FRANKFURT (Bloomberg) — The Bundesbank cut its German economic forecasts through 2016 even as the country’s factory orders showed signs of a pick-up.


The Frankfurt-based central bank halved its forecast for growth in gross domestic product next year, predicting an expansion of 1 percent compared with its June outlook of 2 percent. Factory orders, a typically volatile signal of future growth, jumped 2.5 percent in October, or five times as much as the median estimate in a Bloomberg survey.


Europe’s largest economy is relying on domestic demand driven by record-low unemployment as it recovers from a contraction in Q2. It still remains hampered by an uneven and fragile recovery in the euro area and political tension with Russia, and the European Central Bank is considering adding more stimulus to the region.


“Given the overall tone and detail in these data, it still remains unclear to us what exactly caused the pothole over the summer,” said Greg Fuzesi, an economist at JPMorgan Chase & Co. in London. “Ultimately, it will be crucial however to see the surveys improve again as well. We think that this will happen.”


The euro was little changed at $1.24 at 10:07 a.m. CET and the yield on German 10-year bunds was down 2 basis points at 0.76 percent. The DAX Index of German stocks was up 1.2 percent.


German factory orders climbed for a second month in October, data from the Economy Ministry in Berlin showed. Domestic orders led the gain with a jump of 5.3 percent, compared with an increase of 0.6 percent in export orders. Investment goods rose 3 percent and basic goods advanced 2.5 percent, while orders for consumer goods fell 0.1 percent.


Other recent data has shown a mixed picture for the German economy. While business confidence increased for the first time in seven months in November, manufacturing and services expanded at the slowest pace in 16 months.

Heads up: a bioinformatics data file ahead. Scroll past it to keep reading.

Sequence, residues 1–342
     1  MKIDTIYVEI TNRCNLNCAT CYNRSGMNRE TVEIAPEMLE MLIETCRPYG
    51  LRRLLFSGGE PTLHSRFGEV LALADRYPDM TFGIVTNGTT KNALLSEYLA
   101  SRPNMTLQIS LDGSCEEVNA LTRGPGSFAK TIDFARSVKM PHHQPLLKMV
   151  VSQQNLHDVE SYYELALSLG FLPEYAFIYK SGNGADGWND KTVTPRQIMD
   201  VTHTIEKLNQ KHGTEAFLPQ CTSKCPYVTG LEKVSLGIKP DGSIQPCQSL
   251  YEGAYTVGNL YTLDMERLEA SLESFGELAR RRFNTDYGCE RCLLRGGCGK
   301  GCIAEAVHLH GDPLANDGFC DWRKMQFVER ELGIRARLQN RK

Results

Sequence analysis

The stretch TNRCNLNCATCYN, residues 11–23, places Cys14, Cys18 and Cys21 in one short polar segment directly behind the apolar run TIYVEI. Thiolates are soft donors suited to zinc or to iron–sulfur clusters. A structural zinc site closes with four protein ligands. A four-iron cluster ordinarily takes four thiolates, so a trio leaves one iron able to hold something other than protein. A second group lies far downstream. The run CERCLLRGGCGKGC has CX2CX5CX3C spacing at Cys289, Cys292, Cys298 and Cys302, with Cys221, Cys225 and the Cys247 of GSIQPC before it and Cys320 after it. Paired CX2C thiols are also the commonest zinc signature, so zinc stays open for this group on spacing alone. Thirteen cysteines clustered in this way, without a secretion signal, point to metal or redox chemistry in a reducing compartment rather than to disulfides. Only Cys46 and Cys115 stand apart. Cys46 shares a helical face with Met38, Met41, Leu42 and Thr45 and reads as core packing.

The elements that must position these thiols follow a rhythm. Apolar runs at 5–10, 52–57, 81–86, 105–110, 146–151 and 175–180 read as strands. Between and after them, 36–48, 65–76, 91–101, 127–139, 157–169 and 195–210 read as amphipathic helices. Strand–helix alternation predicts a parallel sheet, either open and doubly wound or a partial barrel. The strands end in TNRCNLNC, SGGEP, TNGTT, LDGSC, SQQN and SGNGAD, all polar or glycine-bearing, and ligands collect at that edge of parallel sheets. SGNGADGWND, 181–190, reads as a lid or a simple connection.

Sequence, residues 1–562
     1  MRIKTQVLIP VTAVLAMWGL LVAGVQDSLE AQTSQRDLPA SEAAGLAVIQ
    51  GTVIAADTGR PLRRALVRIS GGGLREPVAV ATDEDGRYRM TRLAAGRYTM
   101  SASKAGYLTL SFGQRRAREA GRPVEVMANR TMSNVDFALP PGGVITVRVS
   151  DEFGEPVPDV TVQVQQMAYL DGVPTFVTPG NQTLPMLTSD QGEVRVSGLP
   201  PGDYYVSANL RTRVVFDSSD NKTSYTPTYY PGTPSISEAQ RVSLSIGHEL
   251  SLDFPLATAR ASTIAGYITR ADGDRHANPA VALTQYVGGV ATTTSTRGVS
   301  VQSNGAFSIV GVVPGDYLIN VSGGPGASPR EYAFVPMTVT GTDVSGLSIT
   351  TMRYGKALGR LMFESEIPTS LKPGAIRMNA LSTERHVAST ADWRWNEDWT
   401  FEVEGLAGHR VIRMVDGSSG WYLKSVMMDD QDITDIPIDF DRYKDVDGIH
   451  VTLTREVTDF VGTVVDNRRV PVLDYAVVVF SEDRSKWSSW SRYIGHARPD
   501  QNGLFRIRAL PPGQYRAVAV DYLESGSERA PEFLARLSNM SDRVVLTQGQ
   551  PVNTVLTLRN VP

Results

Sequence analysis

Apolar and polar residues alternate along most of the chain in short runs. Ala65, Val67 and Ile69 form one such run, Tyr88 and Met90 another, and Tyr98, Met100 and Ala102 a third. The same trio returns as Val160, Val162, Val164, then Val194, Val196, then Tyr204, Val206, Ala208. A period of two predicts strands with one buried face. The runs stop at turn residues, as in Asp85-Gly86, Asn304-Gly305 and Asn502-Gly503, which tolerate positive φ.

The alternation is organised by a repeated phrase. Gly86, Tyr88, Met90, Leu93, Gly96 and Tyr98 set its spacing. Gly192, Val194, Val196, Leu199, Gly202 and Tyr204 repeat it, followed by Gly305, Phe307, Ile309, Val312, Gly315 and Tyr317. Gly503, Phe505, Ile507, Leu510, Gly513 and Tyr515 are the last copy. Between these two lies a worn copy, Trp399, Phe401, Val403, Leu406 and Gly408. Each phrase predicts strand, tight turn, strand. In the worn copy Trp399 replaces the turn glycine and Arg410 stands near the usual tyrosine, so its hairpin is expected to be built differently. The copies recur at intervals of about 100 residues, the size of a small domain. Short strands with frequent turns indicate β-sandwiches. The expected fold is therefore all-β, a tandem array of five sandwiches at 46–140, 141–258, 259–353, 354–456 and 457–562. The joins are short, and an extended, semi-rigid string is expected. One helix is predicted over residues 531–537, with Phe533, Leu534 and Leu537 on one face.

Deutsche Bahn AG, the largest supplier of overland transport in Europe, will invest 200 million euros, or $248 million, over the next three years to improve quality and punctuality in long-distance rail travel, according to Sueddeutsche Zeitung, citing an interview with chief executive officer Ruediger Grube.


“There is reason to hope that the current sluggish phase will prove to be short-lived,” Bundesbank president Jens Weidmann said in the Bundesbank report. The central bank said the country’s economy is in good shape and may benefit from greater export opportunities in 2015.


Even so, the Bundesbank cut its forecast for growth in real GDP this year to 1.4 percent from 1.9 percent. The economy will expand 1.6 percent in 2016, down from its earlier prediction of 1.8 percent, it said.


It reduced the projection for inflation in 2014 to 0.9 percent from 1.1 percent. Consumer prices will rise 1.1 percent next year and 1.8 percent in 2016, it said. The outlook does not incorporate the most-recent slump in oil prices after the Organization of Petroleum Exporting Countries decided not to ease a global glut of crude.


“If crude oil prices remain at this subdued level for an extended period of time, economic growth in 2015 and 2016 could turn out to be between 0.1 and 0.2 percentage point higher in each case,” Weidmann said. He has previously called lower energy costs a “mini stimulus package.”


Inflation in the euro area slowed to 0.3 percent in November, matching a five-year low and well below the ECB’s goal of just under 2 percent. The ECB on Thursday cut its forecasts for regional consumer prices and economic growth through 2016.


Risks to the region also include worsening political tension with Russia after the European Union imposed sanctions on the country because of its involvement in the Ukraine crisis.


The ECB’s Governing Council expects to consider a proposal for broad-based asset purchases including sovereign debt at its next monetary-policy meeting on Jan. 22, said two euro-area central-bank officials familiar with the deliberations.


No decision on implementing QE has been taken yet and the composition of the program may be influenced by incoming data, the people said, asking not to be identified because the discussions are private. An ECB spokesman declined to comment.

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